“I–I don’t know if I can.”

“Timothy wouldn’t want you to continue grieving for him. He wouldn’t want you to blame yourself for the accident.”

“You’ve said that before.”

“Then you ought to listen.” Grammy took hold of Katie’s hand. “Let’s go inside so you can write Loraine and let her know you’ll be at the wedding.”

“I–I’m afraid to go. The thought of traveling alone scares me. I don’t think I can deal with all the painful memories that are there.”

“Will you go to Loraine’s wedding if I go with you?”

“What about Grandpa? Would he go, too?”

Grammy shook her head. “He has things to do here.”

Katie couldn’t imagine what things Grandpa would have to do. He was retired and spent a good deal of his time at the beach.

“What about it, Katie?” Grammy asked. “Will you go to the wedding if I go along?”

Katie sat for several seconds, thinking things through. Finally, she gave a slow nod. It would be easier going back to Indiana with Grammy along, and as soon as the wedding was over, they’d come back here.

Chapter 1

“It sure is good to have you home,” Katie’s father said as they headed down the road in his buggy toward Uncle Amos and Aunt Priscilla’s house. He glanced over at Katie and smiled. “Your mamm said Loraine was real pleased when she got your letter saying you’d be one of her attendants.”

Katie clutched the folds in her dress as she stared out the window. She didn’t know why she felt so edgy. She hadn’t felt like this when she was in Florida. She’d been depressed after Timothy died, but not quivery inside the way she’d been since she’d climbed into Dad’s buggy. She was grateful they didn’t have far to go.

Dad motioned to what was left of the barn they were passing. “Take a look at the devastation from the tornado that hit this past winter. That terrible storm affected nearly everyone around these parts in some way or another.”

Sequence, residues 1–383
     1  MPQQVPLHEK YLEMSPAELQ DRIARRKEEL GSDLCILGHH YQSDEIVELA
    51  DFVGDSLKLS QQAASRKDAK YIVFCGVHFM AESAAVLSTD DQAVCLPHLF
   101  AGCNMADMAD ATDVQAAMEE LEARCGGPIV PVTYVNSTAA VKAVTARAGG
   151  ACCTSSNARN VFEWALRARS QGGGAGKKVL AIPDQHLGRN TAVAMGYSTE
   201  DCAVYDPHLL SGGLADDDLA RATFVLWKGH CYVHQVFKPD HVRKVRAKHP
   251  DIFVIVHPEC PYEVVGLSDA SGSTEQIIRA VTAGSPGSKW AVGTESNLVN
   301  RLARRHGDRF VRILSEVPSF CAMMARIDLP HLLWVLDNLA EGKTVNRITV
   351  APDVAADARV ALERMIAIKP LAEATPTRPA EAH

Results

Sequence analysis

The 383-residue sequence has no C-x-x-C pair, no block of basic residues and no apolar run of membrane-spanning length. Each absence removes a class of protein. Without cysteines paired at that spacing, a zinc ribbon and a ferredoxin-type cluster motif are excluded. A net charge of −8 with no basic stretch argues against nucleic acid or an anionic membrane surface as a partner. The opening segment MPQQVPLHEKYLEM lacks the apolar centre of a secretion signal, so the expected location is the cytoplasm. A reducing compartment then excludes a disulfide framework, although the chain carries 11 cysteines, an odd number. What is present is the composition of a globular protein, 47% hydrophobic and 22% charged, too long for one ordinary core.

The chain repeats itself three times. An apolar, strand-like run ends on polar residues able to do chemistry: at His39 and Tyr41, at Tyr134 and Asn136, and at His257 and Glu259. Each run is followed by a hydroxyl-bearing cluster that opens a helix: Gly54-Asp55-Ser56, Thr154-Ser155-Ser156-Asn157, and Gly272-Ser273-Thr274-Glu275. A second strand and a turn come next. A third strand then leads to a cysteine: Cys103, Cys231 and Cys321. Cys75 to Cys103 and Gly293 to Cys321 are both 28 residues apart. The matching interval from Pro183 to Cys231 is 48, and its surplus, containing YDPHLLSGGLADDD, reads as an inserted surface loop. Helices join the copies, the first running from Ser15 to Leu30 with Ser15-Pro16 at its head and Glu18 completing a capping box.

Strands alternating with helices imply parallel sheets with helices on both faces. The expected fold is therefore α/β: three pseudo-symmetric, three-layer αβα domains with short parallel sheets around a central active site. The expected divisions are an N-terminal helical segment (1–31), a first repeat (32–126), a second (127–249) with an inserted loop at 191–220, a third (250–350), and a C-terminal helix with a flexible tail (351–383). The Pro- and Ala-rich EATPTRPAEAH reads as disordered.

“No one was killed, though, right?”

“No, but some were injured, and the damage was great. Many, like Wayne’s folks, lost their homes, barns, and shops. It’s a good thing the house Wayne started building before he lost his leg didn’t sustain any damage from the tornado,” Dad said. “Several of the men in our community finished it for him, and Wayne’s folks have been livin’ in it ever since.”

“Will they continue living there after Loraine and Wayne get married?” Katie asked.

Dad nodded. “At least until their own house is done.”

Katie knew from some of the things Loraine had said in her letters that she and Ada hadn’t always gotten along so well. She wondered how things would be having them both living under the same roof.

“Look at the Chupps’ place.” Dad pointed to the left. “They lost their barn, his buggy shop, and the house. Only those who’ve actually seen the destruction of a tornado like we had here can even imagine such a sight.”

Katie gripped the edge of the seat. “I don’t understand why God allows such horrible things to happen.”

He shrugged his broad shoulders. “It’s not our place to question God. His ways are not our ways.”

Katie clamped her teeth together in an effort to keep from saying what was on her mind. Dad wouldn’t understand if she told him how angry she was with God for taking Timothy. He’d probably give her a lecture and say it was Timothy’s time to die, like he’d said to her on the day of Timothy’s funeral.

“Do you know how long you’ll be helping at Loraine’s?” Dad asked.

“Probably most of the day, since I’m sure there’s a lot to be done before the wedding. You can come by sometime before supper and pick me up, or I can ask someone to give me a ride home.”

“I don’t mind coming back for you. I’ll be here around four, okay?”

“That’s fine, but if we get done sooner, I’ll just ask for a ride home.”

“Sounds good.” Dad guided the horse up Uncle Amos’s driveway and directed him toward the barn. When they stopped at the hitching rail, Dad turned to Katie and said, “Have a good day, and don’t work too hard. You’re lookin’ kind of peaked today.”

“I’ll be fine, Dad.” Katie climbed out of the buggy and headed to the house. She wasn’t fine at all. It seemed strange being back here again. She’d only been gone from home a little over six months, but it seemed a lot longer.

She noticed several people in the yard, pulling weeds and planting flowers, but didn’t see any sign of Loraine or her folks. She figured they must be in the house.